We can also install the more libraries in Anaconda by using this code.

`C:\Users\Iliya>conda install numpy`

Before we go to start the practical example of linear regression in python, we will discuss its important libraries.

### NumPy

It is a library for the python programming which allows us to work with multidimensional arrays and matrices along with a large collection of high level mathematical functions to operate on these arrays.

### Pandas

It is a software library for the python programming for data manipulation in a tabular form and analysis.

### Matplotlib

It is 2D plotting library for python programming which is specially designed for visualization of NumPy computation.

### SciPy

It is open source python library which is used for scientific and technical computing. It contains modules for optimization, linear algebra, integration, image processing, machine learning.

### Seaborn

It is a python data visualization library based on matplotlib. Seaborn offers a high level interface for drawing attractive and informative graphics.

### Statsmodels

It is a python package which permits users to explore data, estimate statistical models and execute statistical tests.

### Scikit-learn

It is free software machine learning library for python programming.

## Practical example of Simple Linear Regression

Import the relevant libraries

Load the data

Now we load the data in .csv format in the same folder where regression_example.ipynb file saved and also check the data what is inside the file as shown in figure.

```import numpy as np
import pandas as pd
import matplotlib.pyplot as plt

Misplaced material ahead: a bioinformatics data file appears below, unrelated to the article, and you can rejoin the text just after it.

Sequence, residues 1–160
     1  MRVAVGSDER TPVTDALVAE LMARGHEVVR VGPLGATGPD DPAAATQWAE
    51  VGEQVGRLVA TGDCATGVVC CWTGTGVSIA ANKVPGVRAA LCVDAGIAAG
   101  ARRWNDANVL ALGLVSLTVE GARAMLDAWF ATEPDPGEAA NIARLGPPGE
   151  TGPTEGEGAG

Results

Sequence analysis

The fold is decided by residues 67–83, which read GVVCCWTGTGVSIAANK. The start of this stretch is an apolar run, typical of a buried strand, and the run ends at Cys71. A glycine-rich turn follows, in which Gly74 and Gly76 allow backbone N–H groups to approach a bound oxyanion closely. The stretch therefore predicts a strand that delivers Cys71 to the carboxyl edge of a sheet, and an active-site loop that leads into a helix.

import statsmodels.api as sm```

In order to show the informative statistics, we use the describe() command as shown in figure.

`data.describe()`

Now we define the dependent and independent variables. In our example, code (allotted to each education) is independent variable whereas salary is dependent variable.

```y = data['salary']
x1 = data['code']```

In order to explore the data in shape of scatter plot, first we define the horizontal axis and then vertical axis, see this figure.

Now we add a constant means we are adding a new column which consists of only 1s.

` x = sm.add_constant(x1) `

Fit the model according to the Ordinary Least Squares (OLS) method with a dependent variable ‘y’ and an independentvariable ‘x’

`results = sm.OLS(y,x).fit() `

Finally, we print a summary of the regression.

`results.summary()`

Now we are going to create a scatter plot

`plt.scatter(x1,y)`

then, define the regression equation yhat = 5914.2857*x1+6466.6667

and now plot the regression line against the independent variable i.e. code (used for education)

`fig = plt.plot(x1,yhat, lw=4, c='orange', label ='regression line')`